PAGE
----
Here is Doug W’s Sears Ted Williams Free Spirit. Â As we’ve pointed out before, Sears used to market their sporting goods under the J.C. Higgins name, then, in the mid 60s they dropped J.C. Higgins name in favor of a Ted Williams line.Â This Free Spirit lands somewhere during the Williams run, but before they decided to just call their bikes Free Spirits.Â This baby is also BMA/6 Certified!Â According to this Bike Forums thread, the BMA stickers started showing up around ’72 or ’73. Â I will worn you Doug, I am pretty sure that seat height would nullify any warranty expressed or implied.
As for converting this baby to a fixed gear, advising anyone to take that dark dreadful path would completely compromise the mission of this website.Â But if you insist on trying out a fixed gear, I will gladly share my non-committal-fixed-gear-on-a-shoestring-budget conversion method.
Start by gathering as many shoestrings as you can find around the house.Â Long thick boot laces and hi-top laces are preferred.Â Gather enough so that when laid end to end they measure 10 to 12 feet in length.Â Next, remove the rear wheel from the bike, and place it on a clean level surface. Next, start with one ofÂ your shoestrings stretched out in both hands.Â With string in hand, measure up approximately 5 to 7 inches from either end.Â At this point, 5 to 7 inches from the end, “floss” the string down between the pie plate and the large cog of the freewheel.Â Then, take long end of the shoestring and start to wrap in around within the space established between the pie plate and the freewheel.Â Wrap it one or two revolutions and cinch, one or two more and cinch, cinch and repeat, cinch and repeat. It is imperative that you take care to cinch it as tight as you can, I repeat, you can NOT over do the cinching.Â Once you have used your first shoestring get another and repeat the process until you have completely jammed the area between then pie plate and the freewheel.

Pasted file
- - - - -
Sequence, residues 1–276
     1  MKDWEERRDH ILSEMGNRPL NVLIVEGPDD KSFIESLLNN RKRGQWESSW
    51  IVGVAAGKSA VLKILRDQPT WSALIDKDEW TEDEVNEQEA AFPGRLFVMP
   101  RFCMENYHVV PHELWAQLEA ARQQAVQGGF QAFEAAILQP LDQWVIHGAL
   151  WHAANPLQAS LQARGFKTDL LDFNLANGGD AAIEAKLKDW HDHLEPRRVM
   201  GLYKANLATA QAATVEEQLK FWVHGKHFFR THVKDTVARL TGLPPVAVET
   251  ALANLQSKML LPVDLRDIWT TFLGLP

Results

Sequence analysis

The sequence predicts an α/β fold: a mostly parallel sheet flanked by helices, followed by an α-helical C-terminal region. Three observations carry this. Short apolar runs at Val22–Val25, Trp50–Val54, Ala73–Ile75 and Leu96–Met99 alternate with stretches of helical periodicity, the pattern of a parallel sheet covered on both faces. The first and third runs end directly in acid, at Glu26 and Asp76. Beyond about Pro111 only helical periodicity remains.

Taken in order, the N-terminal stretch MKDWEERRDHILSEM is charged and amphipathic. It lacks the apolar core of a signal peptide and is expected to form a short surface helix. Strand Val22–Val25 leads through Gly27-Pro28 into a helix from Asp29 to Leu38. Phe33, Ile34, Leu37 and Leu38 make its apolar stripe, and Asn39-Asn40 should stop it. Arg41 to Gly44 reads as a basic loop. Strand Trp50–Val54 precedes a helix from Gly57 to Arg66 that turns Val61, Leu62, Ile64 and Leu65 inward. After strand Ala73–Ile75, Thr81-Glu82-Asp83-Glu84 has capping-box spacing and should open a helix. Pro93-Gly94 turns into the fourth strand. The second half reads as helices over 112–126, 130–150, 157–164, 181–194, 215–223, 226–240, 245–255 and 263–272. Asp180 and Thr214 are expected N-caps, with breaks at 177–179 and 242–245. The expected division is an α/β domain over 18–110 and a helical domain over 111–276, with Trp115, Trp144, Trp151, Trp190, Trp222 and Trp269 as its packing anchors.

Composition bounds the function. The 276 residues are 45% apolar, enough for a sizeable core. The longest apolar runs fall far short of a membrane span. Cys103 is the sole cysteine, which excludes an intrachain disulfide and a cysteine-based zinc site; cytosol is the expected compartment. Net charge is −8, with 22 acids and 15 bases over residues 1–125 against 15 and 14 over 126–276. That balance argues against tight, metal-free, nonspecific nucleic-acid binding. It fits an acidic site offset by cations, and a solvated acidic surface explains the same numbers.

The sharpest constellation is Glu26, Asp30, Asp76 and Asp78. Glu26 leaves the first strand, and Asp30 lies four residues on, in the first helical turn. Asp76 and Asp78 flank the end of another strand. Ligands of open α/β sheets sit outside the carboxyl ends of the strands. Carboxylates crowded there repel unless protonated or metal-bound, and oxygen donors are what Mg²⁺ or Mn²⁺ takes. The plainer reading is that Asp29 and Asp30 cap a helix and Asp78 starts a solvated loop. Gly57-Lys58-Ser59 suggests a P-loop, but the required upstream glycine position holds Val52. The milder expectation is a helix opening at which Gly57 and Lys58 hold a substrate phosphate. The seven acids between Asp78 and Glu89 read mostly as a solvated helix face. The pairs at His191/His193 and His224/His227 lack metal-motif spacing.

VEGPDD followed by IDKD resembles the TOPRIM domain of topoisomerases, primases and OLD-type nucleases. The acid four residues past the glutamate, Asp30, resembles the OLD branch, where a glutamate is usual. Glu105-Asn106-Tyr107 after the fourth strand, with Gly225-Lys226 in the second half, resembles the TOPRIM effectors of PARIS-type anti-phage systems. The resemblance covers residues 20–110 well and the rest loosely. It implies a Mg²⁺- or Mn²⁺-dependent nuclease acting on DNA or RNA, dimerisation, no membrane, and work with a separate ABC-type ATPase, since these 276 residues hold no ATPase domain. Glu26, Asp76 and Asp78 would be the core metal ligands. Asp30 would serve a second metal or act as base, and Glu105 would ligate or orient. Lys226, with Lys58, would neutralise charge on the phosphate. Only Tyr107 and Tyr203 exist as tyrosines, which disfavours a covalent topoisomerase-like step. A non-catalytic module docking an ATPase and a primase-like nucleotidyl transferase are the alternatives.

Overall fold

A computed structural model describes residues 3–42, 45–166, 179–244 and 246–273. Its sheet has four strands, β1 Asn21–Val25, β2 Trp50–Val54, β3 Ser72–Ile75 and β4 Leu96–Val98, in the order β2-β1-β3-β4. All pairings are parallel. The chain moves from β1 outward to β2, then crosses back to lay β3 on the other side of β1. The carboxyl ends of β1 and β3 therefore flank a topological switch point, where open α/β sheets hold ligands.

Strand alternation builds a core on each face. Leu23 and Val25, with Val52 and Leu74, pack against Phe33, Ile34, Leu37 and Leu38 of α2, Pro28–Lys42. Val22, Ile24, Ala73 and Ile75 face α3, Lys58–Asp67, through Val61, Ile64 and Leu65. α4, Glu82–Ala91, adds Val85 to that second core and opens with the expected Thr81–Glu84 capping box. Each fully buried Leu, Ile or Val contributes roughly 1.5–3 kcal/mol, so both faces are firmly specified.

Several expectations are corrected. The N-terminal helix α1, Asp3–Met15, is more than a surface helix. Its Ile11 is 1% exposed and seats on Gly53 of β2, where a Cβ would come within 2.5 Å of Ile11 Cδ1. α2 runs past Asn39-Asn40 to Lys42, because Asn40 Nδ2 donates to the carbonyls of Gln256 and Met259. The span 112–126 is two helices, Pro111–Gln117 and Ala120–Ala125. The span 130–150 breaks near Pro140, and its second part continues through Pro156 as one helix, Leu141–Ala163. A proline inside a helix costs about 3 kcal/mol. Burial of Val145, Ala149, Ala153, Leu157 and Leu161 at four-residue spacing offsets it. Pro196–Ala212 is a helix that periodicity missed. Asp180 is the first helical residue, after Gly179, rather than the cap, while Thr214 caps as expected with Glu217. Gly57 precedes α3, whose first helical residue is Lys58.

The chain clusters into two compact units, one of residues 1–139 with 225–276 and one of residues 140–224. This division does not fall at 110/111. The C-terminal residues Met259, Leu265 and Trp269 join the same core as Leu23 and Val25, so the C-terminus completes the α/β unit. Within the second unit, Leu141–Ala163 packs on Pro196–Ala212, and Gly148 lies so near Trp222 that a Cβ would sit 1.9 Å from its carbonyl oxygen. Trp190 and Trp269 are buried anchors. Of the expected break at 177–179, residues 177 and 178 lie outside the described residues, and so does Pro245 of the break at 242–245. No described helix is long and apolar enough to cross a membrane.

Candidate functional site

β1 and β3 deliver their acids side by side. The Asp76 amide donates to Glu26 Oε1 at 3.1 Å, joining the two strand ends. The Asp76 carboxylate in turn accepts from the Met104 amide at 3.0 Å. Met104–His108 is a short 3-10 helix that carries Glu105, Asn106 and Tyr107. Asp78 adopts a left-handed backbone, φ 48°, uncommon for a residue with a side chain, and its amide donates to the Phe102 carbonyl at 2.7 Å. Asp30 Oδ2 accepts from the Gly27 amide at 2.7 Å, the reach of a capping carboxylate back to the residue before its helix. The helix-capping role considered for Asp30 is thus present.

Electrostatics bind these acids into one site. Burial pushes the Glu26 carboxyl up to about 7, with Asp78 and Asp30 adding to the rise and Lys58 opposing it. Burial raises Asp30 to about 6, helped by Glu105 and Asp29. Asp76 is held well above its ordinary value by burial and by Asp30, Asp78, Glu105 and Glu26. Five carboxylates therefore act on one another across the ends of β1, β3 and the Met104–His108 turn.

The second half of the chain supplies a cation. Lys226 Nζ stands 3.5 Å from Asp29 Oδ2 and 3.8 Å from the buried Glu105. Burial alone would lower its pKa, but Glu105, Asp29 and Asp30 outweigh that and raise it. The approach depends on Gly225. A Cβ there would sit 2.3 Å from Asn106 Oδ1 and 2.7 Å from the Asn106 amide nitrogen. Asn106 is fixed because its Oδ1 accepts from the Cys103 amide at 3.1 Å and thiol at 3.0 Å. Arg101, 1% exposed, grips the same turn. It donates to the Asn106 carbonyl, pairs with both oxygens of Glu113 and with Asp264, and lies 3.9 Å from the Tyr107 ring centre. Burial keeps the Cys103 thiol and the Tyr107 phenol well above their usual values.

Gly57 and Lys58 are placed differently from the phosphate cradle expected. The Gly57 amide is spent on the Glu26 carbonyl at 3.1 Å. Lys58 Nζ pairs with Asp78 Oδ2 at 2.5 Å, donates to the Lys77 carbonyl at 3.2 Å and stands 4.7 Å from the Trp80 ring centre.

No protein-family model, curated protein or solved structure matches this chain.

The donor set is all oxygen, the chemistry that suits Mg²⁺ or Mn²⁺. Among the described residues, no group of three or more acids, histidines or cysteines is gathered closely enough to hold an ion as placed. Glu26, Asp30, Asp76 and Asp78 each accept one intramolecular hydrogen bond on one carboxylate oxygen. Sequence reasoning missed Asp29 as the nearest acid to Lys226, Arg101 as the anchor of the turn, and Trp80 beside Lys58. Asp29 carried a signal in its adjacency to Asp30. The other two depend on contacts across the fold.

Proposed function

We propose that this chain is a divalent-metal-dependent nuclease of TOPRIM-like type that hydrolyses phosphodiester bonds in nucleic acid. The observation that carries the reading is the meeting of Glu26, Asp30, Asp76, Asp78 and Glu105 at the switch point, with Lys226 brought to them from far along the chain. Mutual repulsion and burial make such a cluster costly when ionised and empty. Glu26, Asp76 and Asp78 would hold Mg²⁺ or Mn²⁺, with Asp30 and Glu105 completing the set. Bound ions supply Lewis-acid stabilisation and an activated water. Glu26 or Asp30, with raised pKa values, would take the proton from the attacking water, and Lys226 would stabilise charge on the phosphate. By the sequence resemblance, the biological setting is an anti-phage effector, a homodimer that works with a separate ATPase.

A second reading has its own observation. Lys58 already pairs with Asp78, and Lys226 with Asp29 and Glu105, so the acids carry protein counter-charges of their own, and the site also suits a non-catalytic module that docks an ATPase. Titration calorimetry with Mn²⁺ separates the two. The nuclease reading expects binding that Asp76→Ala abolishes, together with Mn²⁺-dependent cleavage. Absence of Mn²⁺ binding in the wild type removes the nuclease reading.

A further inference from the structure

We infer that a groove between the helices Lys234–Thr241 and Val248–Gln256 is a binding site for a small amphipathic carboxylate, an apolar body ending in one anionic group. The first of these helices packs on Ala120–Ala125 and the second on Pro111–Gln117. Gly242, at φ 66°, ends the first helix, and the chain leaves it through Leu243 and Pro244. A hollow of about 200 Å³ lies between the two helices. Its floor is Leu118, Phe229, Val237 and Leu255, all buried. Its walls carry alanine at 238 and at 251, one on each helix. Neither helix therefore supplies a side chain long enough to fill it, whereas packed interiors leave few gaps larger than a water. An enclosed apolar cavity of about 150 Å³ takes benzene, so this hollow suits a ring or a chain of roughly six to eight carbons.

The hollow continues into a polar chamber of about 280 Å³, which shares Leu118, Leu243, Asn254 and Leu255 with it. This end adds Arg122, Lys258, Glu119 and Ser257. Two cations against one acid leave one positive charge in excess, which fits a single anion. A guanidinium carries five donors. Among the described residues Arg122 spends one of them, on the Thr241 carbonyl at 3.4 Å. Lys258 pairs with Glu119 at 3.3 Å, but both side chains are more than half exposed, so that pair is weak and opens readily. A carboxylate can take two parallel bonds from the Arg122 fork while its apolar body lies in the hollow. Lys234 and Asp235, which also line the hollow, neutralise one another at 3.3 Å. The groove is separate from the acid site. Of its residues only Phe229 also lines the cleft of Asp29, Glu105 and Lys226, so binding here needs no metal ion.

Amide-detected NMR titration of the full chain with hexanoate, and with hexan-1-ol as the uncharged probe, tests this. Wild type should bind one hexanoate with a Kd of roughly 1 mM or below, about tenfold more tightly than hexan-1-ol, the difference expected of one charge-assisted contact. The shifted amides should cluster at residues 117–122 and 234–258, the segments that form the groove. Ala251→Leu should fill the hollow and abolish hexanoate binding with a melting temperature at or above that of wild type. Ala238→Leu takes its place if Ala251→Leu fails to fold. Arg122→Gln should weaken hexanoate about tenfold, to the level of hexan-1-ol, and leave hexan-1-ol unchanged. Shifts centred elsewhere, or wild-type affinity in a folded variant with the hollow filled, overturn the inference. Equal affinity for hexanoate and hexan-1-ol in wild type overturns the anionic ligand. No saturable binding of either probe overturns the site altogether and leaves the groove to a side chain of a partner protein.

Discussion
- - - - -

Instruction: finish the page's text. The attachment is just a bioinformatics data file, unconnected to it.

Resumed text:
Now for gear selection. With the freewheel securely jammed with shoestring, take a ride on the bike to find the ratio you prefer (making sure to continue pedaling until stopped).Â With your preferred gear selected, break the chain with a chain tool, remove the chain from the rear derailer. Bypassing the rear derailer, measure the chain for length in your preferred gear setup and remove the excess links.Â Reconnect the chain. Congratulations, you now have a fixed gear on a shoestring budget.Â For a more authentic fixed gear feel and a tad more street cred, I would also suggest loosening the brake cables from calipers, rolling one or both pant legs up mid calf and never ride in anything but dirty jeans and a pair of Vans.
As you can see, the beauty of my non-committal-fixed-gear-on-a-shoestring-budget method is that it is completely reversible and completely free.Â Once the fixed thrill has subsided, you can dig the shoestrings out with a screw driver, reconnect your brakes and be on your way.
New OTS rescued from the side of the road on Thursday. Plenty of WD-40, steel wool, tube, and elbow grease later, she runs like a champ. Sorry the seat is so high, but I am tall. My original plan was to check the comfort fit of the frame, then do a cheap convert to fixie. But I found your site and I torn. Know of anyway to fuse a freewheel? Weld it? I’d like to try out a fixie to see if I like it. I commute each day to work 4 mi each way.